Iron beams forming a crucifix hold in place a dilapidated roof that is giving away, owing to years of neglect. The side walls of a house, nearly hundred years old, have developed yawning cracks as it is unable to handle the weight of the new floors on the building.
Welcome to Chawri Bazar, where a disaster is waiting to happen. Majority of the houses in this Old Delhi locality are in a ramshackle condition and can collapse any time, but this has not dissuaded people from staying here. During the monsoon season, there is a greater risk of a building collapse as the rainwater seeps into the cracks.
It’s not just the corrupt Municipal Corporation of Delhi (MCD) officials who are responsible for the pathetic living conditions in the Walled City, but also the unique tenant-landlord relationship that is taking a toll on the age-old buildings.
Akram Qadri’s house in Bazaar Ajmeri Gate at Gali Sahatara is more than 100 years old and in such a pathetic condition that wooden logs and iron beams have been propped up in every position to keep the dilapidated walls and roof from collapsing. "I have written to the MCD several times, informing them about the precarious condition of the building, but they have not taken any action. After the Ballimaran house collapse incident last month, in which three people were killed, I sent a fresh reminder to the MCD on July 16, but to no avail," said Qadri.
Qadri has given his house on rent and the tenant has converted the building into a dyeing unit. “The building can come crashing down any moment and it is stocked with dangerous chemicals," he said.
In the Walled City, the MCD officials are required to carry out surveys to identify worn-out buildings and issue notices for demolition or repairs — as the case maybe. "The exercise is to ensure the safety of the occupants, but the survey is an eyewash," alleged Sarfaraz Hussain, who runs an STD booth in Kucha Pandit.
<b1>Sarfaraz had bought a house in Gali Farhatullah while it was still on rent. "The building is in need of urgent repairs as cracks have surfaced in the load-bearing walls. I have been asking the tenant to vacate the premises so that I can redo the place, but he prefers to stay here and pay a measly rent of Rs 40 per month for a 1600-square-feet accommodation than move to a new location and pay a higher rent," said Sarfaraz.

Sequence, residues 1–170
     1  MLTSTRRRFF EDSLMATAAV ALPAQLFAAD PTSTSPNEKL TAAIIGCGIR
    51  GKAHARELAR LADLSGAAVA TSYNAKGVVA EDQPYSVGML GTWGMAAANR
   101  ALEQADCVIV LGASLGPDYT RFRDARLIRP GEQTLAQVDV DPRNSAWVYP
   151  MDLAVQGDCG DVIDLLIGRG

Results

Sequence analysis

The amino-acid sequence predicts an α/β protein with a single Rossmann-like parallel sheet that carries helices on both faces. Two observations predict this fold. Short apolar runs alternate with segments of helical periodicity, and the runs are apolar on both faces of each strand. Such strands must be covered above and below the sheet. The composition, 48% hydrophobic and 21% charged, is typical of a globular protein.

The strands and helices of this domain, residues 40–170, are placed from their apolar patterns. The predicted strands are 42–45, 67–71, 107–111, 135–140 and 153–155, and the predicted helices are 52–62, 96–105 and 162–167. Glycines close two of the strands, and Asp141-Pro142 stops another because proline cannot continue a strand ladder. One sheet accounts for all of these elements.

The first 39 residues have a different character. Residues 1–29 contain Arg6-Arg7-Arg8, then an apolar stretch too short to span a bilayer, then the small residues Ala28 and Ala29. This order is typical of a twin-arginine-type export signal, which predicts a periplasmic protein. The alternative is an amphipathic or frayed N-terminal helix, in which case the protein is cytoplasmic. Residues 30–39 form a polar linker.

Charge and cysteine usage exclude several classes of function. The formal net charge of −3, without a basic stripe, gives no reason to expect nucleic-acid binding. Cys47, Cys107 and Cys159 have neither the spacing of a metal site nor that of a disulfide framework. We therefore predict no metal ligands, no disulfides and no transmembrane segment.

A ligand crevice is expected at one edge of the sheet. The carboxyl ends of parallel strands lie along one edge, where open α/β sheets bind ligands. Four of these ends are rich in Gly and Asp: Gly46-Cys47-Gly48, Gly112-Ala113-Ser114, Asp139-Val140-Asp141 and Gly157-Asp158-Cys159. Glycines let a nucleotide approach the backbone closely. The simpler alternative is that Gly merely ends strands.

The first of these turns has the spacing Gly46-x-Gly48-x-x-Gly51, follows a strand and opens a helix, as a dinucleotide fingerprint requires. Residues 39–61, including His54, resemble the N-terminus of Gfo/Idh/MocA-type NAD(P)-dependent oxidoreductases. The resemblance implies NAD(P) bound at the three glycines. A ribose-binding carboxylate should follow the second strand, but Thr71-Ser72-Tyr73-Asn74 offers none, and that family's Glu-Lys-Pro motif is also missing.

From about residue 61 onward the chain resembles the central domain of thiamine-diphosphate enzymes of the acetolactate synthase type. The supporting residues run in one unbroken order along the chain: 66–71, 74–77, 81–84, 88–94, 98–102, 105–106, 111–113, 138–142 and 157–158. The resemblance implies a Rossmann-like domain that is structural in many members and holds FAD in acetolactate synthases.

In case of a privately owned building, the repairs/reconstruction has to be carried out by the owner/occupant and this is where the strained tenant-landlord relations come into play. "In most cases, the landlords have obtained court orders preventing the tenants from carrying out repairs on their own while the tenants have obtained stay orders against eviction," said a resident.
It’s a win-win situation for corrupt officials who take money from tenants to overlook dangerous buildings or from landlords to issue repair/demolition notices to force the tenants to vacate the buildings.
In case of buildings owned by the MCD’s Slum Department, the repair of a dilapidated building is the responsibility of the Corporation, but here, too, things move slowly due to lack of funds.
"We were running a small business unit from the house, but the place had become so dangerous that the walls started reverberating whenever we switched on the machines. We closed our units around two years ago and have been writing letters to the civic agency. It was only after several reminders to the Slum Department that minor work had been initiated," said Hafiz Mohammad Safi of Katra Phatak Bans.